Scene modes will generally set up the camera for a specific type of photography.
Portrait will soften the image whilst maintaining the quality of an image (lower ISO and longer shutter speeds).
Fireworks will provide a slow shutter speed and vivid colour.
Landscape will use a small aperture, sharp detail and increased green and blue saturation.
If shooting in RAW, some scene modes will produce only a JPG image, whereas others will write the scene settings to the EXIF for processing software to read after.
Art Filters or Art Modes are placed in cameras to provide the photographer with either artistic or comical effects to an image. Some cameras will show you the effect on the screen, whilst others apply the effect after the image has been taken.
They are very closely associated with filters found on most mobile imaging applications.
Due to the nature of Art Filters, it is unlikely you will be able to shoot in RAW as the Art Filter is applied only to a processed JPG image.
P Mode – Program
It is likely that program mode will allow you to change settings like WB, Metering and Flash assessing and controlling the ISO, Shutter Speed and Aperture for you.
This is generally used by the Paparazzi and similar professions who need quick shots in ever changing lighting conditions.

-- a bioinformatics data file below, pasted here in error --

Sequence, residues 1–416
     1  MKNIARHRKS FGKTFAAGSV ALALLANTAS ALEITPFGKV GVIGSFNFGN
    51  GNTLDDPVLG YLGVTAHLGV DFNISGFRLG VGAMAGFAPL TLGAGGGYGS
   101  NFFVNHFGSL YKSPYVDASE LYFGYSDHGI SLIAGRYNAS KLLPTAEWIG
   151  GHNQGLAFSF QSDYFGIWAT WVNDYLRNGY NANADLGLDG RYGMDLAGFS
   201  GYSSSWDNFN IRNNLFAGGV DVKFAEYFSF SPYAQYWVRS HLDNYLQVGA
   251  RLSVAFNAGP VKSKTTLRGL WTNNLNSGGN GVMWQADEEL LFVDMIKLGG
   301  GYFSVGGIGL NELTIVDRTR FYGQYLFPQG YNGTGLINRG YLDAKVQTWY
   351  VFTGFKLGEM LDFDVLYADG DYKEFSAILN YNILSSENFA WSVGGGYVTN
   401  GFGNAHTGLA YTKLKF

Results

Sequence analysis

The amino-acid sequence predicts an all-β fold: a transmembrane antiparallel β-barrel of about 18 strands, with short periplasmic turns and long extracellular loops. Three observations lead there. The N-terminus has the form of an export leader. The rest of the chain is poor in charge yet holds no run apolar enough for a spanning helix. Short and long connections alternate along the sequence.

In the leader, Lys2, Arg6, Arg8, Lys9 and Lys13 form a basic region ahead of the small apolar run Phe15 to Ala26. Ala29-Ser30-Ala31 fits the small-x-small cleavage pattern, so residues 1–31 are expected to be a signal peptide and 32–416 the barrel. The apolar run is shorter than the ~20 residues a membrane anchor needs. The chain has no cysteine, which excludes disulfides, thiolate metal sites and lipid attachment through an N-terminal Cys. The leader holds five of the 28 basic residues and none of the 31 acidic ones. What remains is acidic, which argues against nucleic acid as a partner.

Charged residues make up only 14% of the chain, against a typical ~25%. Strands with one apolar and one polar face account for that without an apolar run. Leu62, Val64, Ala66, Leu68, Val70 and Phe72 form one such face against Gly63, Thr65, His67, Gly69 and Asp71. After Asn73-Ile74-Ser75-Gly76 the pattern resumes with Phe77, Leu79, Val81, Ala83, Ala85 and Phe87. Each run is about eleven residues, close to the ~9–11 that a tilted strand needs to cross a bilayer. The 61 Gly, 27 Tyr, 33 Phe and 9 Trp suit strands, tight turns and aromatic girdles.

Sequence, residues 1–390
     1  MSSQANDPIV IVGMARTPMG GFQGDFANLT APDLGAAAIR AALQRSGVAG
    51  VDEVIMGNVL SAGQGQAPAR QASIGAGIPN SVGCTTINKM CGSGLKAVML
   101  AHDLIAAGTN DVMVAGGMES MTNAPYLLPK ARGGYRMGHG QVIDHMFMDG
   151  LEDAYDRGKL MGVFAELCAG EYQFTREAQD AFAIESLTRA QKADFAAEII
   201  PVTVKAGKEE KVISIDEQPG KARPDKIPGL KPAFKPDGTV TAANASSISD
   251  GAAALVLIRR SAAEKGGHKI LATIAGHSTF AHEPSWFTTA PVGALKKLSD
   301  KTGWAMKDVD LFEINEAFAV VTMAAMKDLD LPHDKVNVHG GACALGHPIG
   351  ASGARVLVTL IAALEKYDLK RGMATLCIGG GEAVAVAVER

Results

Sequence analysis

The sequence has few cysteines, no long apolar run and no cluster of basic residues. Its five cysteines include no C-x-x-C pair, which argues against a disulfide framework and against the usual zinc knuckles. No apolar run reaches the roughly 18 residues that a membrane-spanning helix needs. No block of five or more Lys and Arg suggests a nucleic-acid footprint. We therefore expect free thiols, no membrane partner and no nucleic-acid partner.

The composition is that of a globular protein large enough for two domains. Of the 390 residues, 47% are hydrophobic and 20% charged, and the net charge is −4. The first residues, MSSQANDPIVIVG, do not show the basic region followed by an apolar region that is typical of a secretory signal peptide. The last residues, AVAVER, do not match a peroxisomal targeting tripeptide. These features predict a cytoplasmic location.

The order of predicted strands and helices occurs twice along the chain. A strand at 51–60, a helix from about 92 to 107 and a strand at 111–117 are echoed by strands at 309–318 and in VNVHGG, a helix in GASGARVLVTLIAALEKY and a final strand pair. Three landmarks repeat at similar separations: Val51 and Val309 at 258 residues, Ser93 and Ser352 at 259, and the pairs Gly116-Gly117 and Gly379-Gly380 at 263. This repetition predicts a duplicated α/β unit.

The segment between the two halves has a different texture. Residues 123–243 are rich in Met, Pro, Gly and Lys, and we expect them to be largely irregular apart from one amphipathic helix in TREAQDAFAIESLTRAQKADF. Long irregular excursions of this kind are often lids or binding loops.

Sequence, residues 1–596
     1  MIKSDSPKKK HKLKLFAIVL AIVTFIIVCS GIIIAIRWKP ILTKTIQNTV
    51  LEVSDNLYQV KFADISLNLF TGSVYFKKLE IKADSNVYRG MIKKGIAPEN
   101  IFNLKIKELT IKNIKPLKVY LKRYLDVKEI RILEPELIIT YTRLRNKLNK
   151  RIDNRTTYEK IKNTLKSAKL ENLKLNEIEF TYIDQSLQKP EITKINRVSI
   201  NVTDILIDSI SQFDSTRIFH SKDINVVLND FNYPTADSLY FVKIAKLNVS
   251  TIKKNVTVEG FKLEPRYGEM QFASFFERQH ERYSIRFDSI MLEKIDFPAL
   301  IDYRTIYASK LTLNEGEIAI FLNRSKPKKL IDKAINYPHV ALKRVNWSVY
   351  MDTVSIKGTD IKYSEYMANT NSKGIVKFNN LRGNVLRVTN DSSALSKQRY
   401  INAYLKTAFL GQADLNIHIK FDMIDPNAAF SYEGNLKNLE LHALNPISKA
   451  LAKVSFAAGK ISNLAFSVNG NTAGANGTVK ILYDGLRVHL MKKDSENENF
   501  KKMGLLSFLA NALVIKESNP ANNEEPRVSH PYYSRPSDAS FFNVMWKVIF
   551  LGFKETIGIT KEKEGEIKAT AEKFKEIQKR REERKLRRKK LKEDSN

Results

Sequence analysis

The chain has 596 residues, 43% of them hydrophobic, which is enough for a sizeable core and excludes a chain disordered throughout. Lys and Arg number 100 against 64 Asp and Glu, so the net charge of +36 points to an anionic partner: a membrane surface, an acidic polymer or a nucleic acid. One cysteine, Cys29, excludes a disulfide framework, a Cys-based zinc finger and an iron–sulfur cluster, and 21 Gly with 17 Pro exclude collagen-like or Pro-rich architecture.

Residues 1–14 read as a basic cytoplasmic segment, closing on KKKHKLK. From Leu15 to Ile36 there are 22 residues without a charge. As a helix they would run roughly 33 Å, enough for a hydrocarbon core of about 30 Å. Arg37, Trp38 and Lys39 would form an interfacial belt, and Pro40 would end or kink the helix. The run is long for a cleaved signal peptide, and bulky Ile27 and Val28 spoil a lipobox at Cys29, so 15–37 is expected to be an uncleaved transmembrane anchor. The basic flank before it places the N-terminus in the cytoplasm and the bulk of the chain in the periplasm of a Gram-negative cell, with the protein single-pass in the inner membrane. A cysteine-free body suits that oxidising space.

Another good use is for amateur photographers looking to learn from their camera, looking at the selected settings after the image has been taken.
S Mode (Tv) – Shutter Priority
This mode generally allows you to control everything except Aperture.
By setting the shutter speed yourself, you can guarantee that moving objects and captured as you like them, or that hand shake will not be an issue.
With Aperture remaining automated, you can continue shooting even if the light changes.
A lot of sports photographers will use this mode for their everyday shooting.
M Mode – Manual
This is a full control mode. Every aspect of the camera can be controlled by the photographer.
For a novice or someone still learning photographic techniques, manual mode can be quite scary. Understandably so, there are so many options and settings available, which ones do you use, which ones will give the best result?
If you remember the exposure triangle, and know what you want to achieve, it really won’t take long to get used to, just dive in and have a play.
As long as you’re not in a rush or shooting in situations where quick shooting is required, manual mode can be a lot of fun.
In addition to the scene modes and shooting modes, some cameras will have specialist settings like HDR, Burst, Macro, Bulb or Underwater.
In these modes even settings like focus and focal length can be adjusted by the camera.
Some modes allow fine tuning of images and saving of this information. It could be anything from saturation to colour, sharpness to grain and even highlights and shadows.
These could be labelled as ‘Picture Mode’ or ‘Style’.
There may also contain colour options that allow for Sepia, Black & White or Selective Colour options.